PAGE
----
31. The representative indicated that, since its independence, Armenia had signed and ratified over 40 international instruments on human rights, a number of which were directed at the protection of women's rights. Armenia had signed the United Nations Convention against Transnational Organized Crime and its supplementary Protocols to Prevent, Suppress and Punish Trafficking in Persons, Especially Women and Children, and against the Smuggling of Migrants by Land, Sea and Air, and the Rome Statute of the International Criminal Court, and it was envisaged that those instruments would be ratified during the fall session of the National Assembly. In addition, Armenia had become a full member of the Council of Europe on 25 January 2001 and signed the European Convention on the Protection of Human Rights and Fundamental Freedoms and its Protocols. Under the Decree by the President of Armenia, a special working group was set up, which would develop recommendations on legislative reforms and practical measures aimed at compliance with the requirements of the Convention. National legislation affirmed the notion of equality of rights for everyone in all spheres, equality of opportunity for women and men in health care, education, economic opportunities, employment and the administration of justice.
32. The Constitutional Court assessed whether the obligations in international instruments were in compliance with the Armenian Constitution prior to their ratification. On ratification, treaties became an integral part of the Armenian legal system, with Article 116 of the Constitution providing that laws and other legal acts of the Republic of Armenia should apply to the extent that they did not contradict the Constitution. Draft legislation was submitted to international experts in order to assess their compliance with Armenia's international obligations, especially in the field of human rights.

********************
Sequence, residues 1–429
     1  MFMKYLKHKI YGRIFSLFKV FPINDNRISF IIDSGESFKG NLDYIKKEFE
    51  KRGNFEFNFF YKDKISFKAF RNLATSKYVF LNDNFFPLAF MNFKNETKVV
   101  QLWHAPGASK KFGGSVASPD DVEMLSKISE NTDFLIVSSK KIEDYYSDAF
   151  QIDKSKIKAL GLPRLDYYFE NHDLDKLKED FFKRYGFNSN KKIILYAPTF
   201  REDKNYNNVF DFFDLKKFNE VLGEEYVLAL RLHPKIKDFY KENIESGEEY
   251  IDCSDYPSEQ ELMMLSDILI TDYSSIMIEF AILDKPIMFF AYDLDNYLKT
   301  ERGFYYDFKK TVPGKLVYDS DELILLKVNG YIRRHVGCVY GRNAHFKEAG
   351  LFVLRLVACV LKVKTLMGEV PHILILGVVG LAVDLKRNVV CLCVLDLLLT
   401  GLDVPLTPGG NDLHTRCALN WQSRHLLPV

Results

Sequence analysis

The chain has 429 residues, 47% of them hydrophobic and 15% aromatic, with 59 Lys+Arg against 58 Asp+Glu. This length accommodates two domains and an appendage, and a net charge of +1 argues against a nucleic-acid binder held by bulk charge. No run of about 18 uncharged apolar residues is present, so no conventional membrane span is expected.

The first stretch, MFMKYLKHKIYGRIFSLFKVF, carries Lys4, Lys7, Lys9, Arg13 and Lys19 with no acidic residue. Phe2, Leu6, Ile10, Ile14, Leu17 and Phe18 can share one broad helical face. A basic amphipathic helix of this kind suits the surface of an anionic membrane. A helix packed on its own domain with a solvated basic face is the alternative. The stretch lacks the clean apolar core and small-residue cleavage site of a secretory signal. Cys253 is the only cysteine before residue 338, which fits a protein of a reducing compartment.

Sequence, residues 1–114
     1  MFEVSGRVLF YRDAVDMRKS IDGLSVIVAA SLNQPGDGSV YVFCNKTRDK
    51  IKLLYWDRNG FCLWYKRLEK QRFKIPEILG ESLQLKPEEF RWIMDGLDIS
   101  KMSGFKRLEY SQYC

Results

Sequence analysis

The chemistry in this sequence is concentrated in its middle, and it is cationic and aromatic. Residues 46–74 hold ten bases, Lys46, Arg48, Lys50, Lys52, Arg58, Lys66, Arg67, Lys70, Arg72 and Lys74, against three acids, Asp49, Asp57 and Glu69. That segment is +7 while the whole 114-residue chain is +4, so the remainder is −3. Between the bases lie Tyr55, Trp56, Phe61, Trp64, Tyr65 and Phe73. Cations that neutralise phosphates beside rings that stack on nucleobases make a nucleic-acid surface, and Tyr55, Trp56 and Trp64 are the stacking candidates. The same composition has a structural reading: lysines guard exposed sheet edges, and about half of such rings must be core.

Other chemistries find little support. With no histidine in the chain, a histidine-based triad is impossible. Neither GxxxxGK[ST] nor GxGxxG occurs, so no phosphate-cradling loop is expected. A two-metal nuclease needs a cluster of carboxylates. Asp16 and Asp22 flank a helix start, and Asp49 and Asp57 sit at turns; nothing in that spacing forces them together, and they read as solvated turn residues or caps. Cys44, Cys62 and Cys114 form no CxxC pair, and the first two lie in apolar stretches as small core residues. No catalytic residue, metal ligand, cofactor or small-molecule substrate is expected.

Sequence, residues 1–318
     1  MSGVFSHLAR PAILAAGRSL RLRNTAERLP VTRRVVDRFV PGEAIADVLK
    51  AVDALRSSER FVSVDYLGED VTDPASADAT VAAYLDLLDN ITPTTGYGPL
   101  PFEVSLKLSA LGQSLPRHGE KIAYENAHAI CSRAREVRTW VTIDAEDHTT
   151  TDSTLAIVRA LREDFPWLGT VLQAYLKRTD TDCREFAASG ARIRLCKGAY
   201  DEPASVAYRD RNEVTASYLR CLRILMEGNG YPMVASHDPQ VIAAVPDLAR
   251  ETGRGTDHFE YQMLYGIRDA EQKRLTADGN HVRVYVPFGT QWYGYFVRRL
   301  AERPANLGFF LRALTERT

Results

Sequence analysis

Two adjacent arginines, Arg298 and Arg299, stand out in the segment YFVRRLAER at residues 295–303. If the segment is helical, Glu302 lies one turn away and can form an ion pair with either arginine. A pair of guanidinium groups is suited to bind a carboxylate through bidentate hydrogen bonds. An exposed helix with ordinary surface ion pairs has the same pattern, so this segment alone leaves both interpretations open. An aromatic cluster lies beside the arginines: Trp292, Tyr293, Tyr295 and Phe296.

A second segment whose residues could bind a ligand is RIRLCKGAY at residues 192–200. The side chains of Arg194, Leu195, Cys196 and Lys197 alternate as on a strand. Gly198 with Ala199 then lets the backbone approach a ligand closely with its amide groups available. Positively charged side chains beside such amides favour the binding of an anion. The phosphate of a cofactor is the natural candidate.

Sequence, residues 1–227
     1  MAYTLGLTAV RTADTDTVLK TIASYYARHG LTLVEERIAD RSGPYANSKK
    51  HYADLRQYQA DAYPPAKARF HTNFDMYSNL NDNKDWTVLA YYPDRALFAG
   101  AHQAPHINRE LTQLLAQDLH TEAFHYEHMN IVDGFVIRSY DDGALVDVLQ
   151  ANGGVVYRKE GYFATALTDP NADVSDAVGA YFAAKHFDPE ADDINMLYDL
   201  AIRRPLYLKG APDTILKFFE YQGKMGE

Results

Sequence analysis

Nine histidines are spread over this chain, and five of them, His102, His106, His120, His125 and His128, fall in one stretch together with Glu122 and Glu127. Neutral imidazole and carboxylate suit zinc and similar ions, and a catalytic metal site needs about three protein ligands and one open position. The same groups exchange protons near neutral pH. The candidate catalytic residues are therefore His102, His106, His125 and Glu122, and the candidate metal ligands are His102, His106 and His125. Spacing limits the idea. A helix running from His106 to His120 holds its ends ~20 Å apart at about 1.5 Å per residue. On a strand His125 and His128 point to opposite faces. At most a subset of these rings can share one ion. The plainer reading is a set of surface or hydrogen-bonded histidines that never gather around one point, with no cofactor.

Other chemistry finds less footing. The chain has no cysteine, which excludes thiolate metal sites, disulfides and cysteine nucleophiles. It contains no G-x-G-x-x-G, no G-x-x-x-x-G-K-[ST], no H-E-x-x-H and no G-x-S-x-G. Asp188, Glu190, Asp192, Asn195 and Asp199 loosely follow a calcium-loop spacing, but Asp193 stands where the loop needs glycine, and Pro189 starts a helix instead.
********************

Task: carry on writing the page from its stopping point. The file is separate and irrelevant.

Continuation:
33. Trafficking in women was a comparatively new phenomenon in Armenia and was not directly addressed in legislation. Some of the components of trafficking, such as illegal border crossing and the preparation of forged documents, were punishable under current laws, and a number of articles in the Criminal Code, including those on rape, sex with minors, bogus marriage, polygamy, pimping and kidnapping, were also relevant. A special inter-ministerial working group tasked with elaborating appropriate programmes of action, proposing necessary legislative reforms or amendments and designing concrete projects had recently been formed, and television programmes, articles and awareness-raising campaigns had also addressed the issue. The Government believed that the provision of qualified assistance and professional consultation on migration issues would reduce the risk of trafficking for potential migrants and, accordingly, in March 2002, the State Department for Migration and Refugees established a "Migrants Service Point" (MSP), which was also implementing trafficking prevention programmes.
34. The representative indicated that, although reported rates of crimes against women in the home were very low, it was generally acknowledged that they were underreported because of the desire to keep the family together for the sake of the children, financial dependence or fear of public opinion. Social and economic conditions also prevented reporting and prosecutions. Although the Criminal Code regulated acts of violence against women in general, there was no specific legislation on domestic violence, and large numbers considered that a man was justified in beating his wife in certain situations. The representative indicated that public attitudes towards the legal system were negative and consequently resort to courts was unusual. An anti-corruption strategy and action plan were developed and submitted for the approval of the Prime Minister by the Joint Working Group on Anti-Corruption.